A complaint was filled charging the juvenile with the possession of stolen property. The complaint was placed on the Formal Calendar as provided by R.R. 6:9-1 (c), and counsel was assigned to represent the juvenile pursuant to R.R. 6:3-4 (c) and (d). The County Prosecutor was requested to appear and prosecute the complaint in accordance with R.R. 6:3-5. Subsequently, an amended complaint was filed in place of the original complaint and the amended complaint was likewise listed on the Formal Calendar for hearing.
At a preliminary hearing, the defendant moved to (a) dismiss the amended complaint because it was insufficient to charge the juvenile with an offense under N.J.S. 2 A:4-14, (b) suppress certain evidence on the ground that it was the product of an unlawful search and seizure in violation of the Fourth Amendment to the Constitution of the United States, and (c) transfer the hearing on the motion to suppress to the Superior or County Court by virtue of R.R. 3:2 A -6.
The pertinent facts are as follows. At 4:40 in the morning of July 17, 1967, the juvenile was a passenger in an automobile being driven in the City of Plainfield by an adult in an area restricted because of emergent conditions then existing. The car was halted by members of the Plainfield Police Department and the New Jersey National Guard as it was leaving this restricted, trouble-torn area. The complainant then observed certain contraband in the car and thereupon ordered the juvenile to get out of the vehicle and to lie down on the street with which orders the juvenile complied. The juvenile was then searched and found on his person were two sets of keys allegedly belonging to vehicles
parked in a garage and owned by the proprietor of a package goods store in the City of Plainfield.
The first question I will consider is whether the amended complaint was sufficient to charge the juvenile with an offense under N.J.S. 2 A:4-14.
The amended complaint alleges that:
"That the above named juvenile, under the age of 18 years, is a delinquent child under N.J.S. 2 A:4-14 in that on July 17, 1967, at about 4:40 a.m. and while at the intersection of New Street and West 4th Street, located in the City of Plainfield, he was in possession of stolen property, namely two keys belonging to vehicles parked in a garage and owned by Lou's Liquors of 204 Muhlenberg Place, Plainfield. Said property being taken during a riot."
Defendant contended that the State failed to charge the juvenile with an offense because there is no criminal offense for "possession" of stolen property; but rather possession is only an element of the offense of receiving stolen property under N.J.S. 2 A:139-1.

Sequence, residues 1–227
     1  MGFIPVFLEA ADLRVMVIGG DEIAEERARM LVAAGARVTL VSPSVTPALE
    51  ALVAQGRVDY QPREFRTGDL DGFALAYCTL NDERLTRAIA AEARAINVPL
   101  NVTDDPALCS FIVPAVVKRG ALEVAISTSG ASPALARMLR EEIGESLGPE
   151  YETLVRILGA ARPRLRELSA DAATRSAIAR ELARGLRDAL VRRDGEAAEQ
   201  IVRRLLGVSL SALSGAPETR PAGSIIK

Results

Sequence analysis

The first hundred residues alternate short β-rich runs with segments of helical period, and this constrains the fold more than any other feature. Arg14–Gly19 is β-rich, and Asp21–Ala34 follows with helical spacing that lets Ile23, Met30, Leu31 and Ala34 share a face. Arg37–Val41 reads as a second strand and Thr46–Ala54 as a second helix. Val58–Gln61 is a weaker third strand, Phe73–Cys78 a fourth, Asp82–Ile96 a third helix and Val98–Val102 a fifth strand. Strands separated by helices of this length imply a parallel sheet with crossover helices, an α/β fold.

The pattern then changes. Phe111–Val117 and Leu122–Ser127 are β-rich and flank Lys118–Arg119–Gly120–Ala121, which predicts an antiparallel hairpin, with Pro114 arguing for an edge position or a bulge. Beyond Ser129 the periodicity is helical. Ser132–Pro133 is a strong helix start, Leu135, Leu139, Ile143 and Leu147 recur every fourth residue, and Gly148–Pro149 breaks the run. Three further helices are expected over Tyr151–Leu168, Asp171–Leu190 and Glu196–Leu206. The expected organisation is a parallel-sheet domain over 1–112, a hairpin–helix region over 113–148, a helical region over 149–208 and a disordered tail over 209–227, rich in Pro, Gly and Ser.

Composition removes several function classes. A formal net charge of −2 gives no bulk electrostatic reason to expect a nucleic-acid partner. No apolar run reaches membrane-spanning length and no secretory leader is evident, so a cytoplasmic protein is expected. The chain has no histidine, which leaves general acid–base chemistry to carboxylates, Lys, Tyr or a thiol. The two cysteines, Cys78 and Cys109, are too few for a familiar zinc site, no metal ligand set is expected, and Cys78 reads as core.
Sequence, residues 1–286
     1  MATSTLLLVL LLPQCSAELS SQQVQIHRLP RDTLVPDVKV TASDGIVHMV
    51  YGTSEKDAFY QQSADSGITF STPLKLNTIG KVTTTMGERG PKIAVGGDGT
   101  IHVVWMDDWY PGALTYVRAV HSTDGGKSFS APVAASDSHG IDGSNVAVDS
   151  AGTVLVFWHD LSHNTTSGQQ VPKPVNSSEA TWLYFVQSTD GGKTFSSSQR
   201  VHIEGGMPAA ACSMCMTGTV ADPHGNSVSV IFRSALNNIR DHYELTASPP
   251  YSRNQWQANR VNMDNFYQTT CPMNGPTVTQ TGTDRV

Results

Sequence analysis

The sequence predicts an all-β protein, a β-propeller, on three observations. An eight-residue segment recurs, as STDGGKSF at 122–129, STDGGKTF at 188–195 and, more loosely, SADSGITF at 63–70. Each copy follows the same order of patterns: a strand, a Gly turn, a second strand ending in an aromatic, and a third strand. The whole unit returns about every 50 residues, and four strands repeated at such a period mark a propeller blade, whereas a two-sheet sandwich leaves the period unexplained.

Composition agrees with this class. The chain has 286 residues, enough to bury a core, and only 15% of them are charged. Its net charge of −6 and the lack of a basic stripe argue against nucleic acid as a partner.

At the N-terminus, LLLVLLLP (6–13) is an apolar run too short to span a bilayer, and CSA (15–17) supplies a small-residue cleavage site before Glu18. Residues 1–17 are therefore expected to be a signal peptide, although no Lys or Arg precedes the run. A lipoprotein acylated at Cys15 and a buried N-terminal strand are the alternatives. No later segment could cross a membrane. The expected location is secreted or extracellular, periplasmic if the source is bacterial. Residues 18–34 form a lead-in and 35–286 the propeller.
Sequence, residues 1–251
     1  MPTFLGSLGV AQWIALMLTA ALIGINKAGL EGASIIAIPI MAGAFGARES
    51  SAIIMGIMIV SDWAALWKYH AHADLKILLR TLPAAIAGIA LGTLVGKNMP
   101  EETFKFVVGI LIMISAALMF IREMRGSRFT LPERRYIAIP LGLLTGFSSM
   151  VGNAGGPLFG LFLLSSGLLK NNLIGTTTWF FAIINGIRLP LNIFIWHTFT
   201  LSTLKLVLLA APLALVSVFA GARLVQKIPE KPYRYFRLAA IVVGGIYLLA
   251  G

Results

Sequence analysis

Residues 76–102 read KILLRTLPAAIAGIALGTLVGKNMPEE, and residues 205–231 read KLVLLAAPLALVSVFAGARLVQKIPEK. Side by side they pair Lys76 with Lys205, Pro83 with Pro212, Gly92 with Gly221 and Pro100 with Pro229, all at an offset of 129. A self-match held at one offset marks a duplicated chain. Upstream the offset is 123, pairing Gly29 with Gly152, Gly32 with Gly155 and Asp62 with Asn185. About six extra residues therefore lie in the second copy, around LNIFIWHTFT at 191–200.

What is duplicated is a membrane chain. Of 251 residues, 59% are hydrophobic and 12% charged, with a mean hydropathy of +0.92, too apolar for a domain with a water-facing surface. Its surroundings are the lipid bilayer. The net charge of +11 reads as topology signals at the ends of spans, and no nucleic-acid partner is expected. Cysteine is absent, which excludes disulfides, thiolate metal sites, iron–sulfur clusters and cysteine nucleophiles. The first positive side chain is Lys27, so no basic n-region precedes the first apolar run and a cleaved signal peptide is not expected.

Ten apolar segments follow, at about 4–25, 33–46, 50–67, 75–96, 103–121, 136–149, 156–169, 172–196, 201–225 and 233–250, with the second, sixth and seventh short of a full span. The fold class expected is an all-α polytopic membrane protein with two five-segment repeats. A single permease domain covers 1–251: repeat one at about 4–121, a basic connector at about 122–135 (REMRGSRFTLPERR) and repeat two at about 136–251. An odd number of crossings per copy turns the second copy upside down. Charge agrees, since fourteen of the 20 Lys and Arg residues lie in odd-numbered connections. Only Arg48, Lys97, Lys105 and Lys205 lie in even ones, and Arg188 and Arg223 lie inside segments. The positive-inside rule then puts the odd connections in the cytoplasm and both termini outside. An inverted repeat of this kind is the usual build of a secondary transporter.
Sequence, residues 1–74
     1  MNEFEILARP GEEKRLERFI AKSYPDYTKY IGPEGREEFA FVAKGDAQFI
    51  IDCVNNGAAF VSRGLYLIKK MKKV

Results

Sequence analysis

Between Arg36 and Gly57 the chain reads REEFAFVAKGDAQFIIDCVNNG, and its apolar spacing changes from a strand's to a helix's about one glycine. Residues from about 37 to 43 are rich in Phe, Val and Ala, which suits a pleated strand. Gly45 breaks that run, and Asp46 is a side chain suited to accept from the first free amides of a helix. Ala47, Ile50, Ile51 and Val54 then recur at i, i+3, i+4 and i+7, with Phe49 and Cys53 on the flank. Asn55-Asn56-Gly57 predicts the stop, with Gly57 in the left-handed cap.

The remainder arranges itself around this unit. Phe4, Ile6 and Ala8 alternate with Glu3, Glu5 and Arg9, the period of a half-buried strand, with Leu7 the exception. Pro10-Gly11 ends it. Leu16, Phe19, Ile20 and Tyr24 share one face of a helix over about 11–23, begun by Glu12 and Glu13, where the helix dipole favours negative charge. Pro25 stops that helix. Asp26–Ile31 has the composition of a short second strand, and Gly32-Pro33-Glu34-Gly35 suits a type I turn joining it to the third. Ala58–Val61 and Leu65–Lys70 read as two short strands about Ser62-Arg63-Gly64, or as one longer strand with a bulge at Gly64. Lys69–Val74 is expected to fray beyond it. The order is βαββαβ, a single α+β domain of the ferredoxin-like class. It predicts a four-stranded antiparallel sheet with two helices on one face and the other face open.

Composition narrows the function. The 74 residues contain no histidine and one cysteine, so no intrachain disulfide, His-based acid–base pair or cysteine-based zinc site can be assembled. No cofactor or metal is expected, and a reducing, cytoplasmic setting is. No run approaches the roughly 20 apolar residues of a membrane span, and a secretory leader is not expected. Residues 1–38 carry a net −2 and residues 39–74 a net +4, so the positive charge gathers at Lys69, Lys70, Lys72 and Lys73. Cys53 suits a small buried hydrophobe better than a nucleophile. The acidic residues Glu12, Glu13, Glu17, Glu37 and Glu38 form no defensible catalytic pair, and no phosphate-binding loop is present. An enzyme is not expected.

R.R. 6:8-1, states in pertinent part that:
"The complaint is a written statement of the essential facts upon which the allegation of delinquent conduct of a juvenile is founded." (Emphasis added).
What constitutes compliance with this Rule has never been expressed by our courts in a reported decision.
In contrast to the above quoted Rule, R.R. 3:2-1 speaks of complaints in criminal proceedings and states in part that "the complaint is a written statement of the essential facts constituting the offense charged". (Emphasis added). The criminal complaint must charge a specific offense while it is only necessary to charge the juvenile with wrongful conduct. From a comparison of these rules it is clear that the complaint in juvenile proceedings need not be drawn with the same exactitude as a criminal complaint.
This does not mean, however, that any vague allegation drawn in the form of a juvenile complaint is adequate to charge the juvenile with delinquency. The Supreme Court of the United States in In Re Gault, 387 U.S. 1, 87 S. Ct. 1428, 18 L. Ed. 2 d 527 (1967), held that juvenile proceedings must be governed by due process of law which includes adequate notice not only of the hearing date but also of the facts constituting the alleged misconduct. It has been the rule in this State that due process of law requires that the defendant, in any case where the possibility of punishment arises, be notified sufficiently of the charges against him so that he may adequately prepare a defense. See: Hewitt v. Hollahan, 56 N.J. Super. 372, 377-378 (App. Div. 1959); Rushin v. Bd. of Child Welfare, 65 N.J. Super. 504, 514-515 (App. Div. 1961); Parsekian v. Cresse, 75 N.J. Super. 405, 411 (App. Div. 1962); State v. Gagliardi, 57 N.J. Super. 238, 242 (App. Div. 1959).